Language Prowess: The Power of Words to Build or Break

Most of us understand that words are tools and that we use language to obtain what we want and to express how we feel. But few of us contemplate the power of our words or impact they have on those with whom we speak. In other words, we don’t always think before we speak. As the old adage goes, words can heal or destroy. A simple statement can bear amazing results, or it can sabotage a career or a relationship in the blink of an eye.

Capable and energetic people are natural magnets because of their contagious enthusiasm. They generally use ‘power words’ to express their level of confidence and vigor: ‘I’m doing great, how are you?’, ‘That’s awesome!’ and ‘Great to see you!’ These are simple phrases that can be anticipated from the upbeat class. Conversely, hum-drum, negative folks seem to have the opposite effect. Who wants to be around those who whine or nitpick? ‘I’m not so well today,’ ‘I hate my job,’ or ‘I’m so tired’ are terms that the downers often say. Given the choice, unless people are complainers who are drawn to their own type, most people want to be with cheerful, optimistic people who speak words that energize and encourage.

The advertising industry spends millions each year studying the power of language, and they utilize words such as “results,” “proven,” “guaranteed,” and “revolutionary” to lure consumers into buying a product. Well aware that when words are strategically used they have a compelling effect on the listeners (and in their case, the buyers), ad agencies choose their words in a contemplative and premeditated manner.

Also, people generally think in pictures. The word “puppy” probably conjures an image in your mind of a small dog as opposed to the letters that describe the animal. Good speakers paint mental pictures because they know that people respond more to stories and images than they do to boring lectures. When words are formulated to paint positive pictures in the mind of the hearer, a speaker is effective.

Hurtful words have the most lasting impact. A brutal parent who calls a child “stupid” may not realize the burden that the child will have to bear, often for a lifetime, because of how he or she was labeled. That parent can apologize for the offense, but the damage is caused immediately when the malicious word is spoken.

In a professional environment, strong words can go far. “I’ll take that on,” “let me try to solve this,” or “this is my plan…” can be so valuable to an employer. Affirmative words demonstrate that an employee is eager and motivated — qualities that can propel one forward in a corporate environment. On the other hand, complaining about a workload, or blaming others for mistakes can have a stifling effect on a career because it reflects an employee’s generally pessimistic manner.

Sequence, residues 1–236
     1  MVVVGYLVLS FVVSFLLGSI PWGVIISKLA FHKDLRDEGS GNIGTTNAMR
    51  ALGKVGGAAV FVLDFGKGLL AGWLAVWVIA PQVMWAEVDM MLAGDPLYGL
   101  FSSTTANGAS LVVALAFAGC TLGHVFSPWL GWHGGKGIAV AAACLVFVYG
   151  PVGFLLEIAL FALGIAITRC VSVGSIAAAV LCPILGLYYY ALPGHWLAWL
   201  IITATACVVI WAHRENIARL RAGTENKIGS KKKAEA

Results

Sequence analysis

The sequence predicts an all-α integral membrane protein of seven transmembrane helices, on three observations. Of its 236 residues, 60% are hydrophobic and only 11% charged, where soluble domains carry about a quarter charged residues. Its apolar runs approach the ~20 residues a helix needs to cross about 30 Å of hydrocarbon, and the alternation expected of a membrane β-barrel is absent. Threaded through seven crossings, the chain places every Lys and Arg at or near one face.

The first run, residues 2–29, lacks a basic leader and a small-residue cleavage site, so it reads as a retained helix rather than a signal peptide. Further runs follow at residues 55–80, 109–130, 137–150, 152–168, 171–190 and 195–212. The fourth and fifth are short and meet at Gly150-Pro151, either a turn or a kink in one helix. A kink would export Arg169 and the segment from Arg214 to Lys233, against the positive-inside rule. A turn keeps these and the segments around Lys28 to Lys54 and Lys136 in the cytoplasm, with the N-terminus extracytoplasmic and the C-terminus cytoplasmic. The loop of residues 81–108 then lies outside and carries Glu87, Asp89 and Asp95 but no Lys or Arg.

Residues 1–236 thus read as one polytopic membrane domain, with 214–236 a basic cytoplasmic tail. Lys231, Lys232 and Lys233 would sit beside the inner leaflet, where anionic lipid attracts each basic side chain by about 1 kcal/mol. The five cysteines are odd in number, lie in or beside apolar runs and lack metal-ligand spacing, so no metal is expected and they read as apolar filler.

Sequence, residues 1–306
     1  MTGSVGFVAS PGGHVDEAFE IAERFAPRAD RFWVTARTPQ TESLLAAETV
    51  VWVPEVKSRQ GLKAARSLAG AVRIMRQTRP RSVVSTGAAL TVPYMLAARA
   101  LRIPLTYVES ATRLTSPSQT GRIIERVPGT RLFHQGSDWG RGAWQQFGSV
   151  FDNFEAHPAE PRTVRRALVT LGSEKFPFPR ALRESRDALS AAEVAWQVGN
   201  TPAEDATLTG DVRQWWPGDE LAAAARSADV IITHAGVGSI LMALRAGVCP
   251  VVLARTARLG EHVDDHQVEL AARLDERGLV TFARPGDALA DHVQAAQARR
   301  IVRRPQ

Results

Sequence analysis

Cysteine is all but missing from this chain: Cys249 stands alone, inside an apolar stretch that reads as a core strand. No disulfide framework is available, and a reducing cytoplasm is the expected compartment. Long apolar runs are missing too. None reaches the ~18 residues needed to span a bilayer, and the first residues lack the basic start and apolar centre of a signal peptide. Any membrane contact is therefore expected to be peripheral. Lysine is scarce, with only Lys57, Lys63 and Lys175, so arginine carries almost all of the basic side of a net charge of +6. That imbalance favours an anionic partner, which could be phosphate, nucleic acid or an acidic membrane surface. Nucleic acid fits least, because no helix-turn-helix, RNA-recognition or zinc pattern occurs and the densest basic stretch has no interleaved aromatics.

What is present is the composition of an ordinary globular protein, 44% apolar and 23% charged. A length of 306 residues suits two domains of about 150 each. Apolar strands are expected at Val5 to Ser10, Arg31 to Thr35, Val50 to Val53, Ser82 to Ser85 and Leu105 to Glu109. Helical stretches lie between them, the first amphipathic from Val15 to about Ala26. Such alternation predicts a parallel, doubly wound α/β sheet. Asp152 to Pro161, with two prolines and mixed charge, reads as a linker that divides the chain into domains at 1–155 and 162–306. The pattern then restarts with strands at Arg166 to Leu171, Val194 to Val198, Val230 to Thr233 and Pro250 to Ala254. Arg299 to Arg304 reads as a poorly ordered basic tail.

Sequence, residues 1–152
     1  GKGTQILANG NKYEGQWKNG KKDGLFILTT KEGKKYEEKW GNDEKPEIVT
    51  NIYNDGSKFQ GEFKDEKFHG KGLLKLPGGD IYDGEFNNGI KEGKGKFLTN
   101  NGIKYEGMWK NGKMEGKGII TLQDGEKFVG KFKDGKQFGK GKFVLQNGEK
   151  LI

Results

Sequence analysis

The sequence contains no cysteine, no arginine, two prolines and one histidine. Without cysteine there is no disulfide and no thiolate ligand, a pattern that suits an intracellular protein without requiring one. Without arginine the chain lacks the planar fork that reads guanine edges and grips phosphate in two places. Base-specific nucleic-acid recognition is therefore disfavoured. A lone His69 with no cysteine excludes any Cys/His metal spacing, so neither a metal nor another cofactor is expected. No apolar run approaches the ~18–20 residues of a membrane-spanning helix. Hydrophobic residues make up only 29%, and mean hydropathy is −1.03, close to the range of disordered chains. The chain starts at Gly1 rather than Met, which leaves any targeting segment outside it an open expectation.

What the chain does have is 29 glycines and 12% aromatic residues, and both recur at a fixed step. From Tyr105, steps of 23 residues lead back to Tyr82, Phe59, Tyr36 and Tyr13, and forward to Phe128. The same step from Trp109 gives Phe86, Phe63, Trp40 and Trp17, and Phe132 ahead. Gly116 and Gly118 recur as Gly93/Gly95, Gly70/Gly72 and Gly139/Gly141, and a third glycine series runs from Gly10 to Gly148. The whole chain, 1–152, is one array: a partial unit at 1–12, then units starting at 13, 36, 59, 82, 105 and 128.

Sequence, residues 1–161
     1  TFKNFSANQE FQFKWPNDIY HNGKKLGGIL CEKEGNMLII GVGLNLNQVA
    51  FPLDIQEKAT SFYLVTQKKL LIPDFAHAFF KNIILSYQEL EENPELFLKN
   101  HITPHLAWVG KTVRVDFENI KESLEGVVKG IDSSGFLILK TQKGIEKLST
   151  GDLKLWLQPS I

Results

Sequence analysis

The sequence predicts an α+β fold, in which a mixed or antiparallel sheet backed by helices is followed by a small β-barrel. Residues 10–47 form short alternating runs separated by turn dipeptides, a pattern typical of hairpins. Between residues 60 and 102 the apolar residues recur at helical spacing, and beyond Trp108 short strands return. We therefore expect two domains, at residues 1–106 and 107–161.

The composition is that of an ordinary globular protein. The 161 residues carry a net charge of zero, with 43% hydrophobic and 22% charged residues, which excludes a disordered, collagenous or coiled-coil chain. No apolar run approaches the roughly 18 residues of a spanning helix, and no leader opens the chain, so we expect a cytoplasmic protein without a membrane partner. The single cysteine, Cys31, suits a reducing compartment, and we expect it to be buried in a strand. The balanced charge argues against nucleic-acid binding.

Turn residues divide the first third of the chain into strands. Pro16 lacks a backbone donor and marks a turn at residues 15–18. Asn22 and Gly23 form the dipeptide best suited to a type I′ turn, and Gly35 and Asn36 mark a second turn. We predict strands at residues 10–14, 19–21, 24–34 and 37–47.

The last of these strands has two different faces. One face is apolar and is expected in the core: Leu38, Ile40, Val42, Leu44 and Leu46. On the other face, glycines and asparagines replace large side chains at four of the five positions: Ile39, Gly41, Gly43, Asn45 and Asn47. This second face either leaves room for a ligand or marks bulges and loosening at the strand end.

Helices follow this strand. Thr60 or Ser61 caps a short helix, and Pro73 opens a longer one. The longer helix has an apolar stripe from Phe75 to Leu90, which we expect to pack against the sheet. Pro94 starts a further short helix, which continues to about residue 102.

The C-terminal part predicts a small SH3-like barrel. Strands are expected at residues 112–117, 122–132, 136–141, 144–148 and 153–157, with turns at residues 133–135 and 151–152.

Even complaints, when properly lodged in calculated terms can produce better results than if simply spoken without thought:

“We were so looking forward to our stay at your hotel, because we understand that it’s quiet and relaxing here, but we are unable to sleep because of the noisy neighbors. Since the primary objective of our stay here is to rest, can you please either ask our neighbors to tone down the noise level, or relocate us to a more quiet section of your hotel?”


“This hotel sucks! We can’t sleep because our neighbors are loud! Please shut them up or we want our money back.”
Hotel guests with the second statement will simply be pacified, while hotel guests who speak the first will likely be moved or upgraded because the hotel staff hopes to have that client and his or her friends back again.

“Please,” “thank you” and “I’m sorry,” are still the most universally virtuous and connective terms because everyone appreciates thoughtfulness and kindness. Few understand the impact and the power that language has on the listener. When you predetermine the result you want to achieve from a discussion, choose the best words that will help you accomplish those results, and you will be more effective and efficient in all you hope to accomplish.


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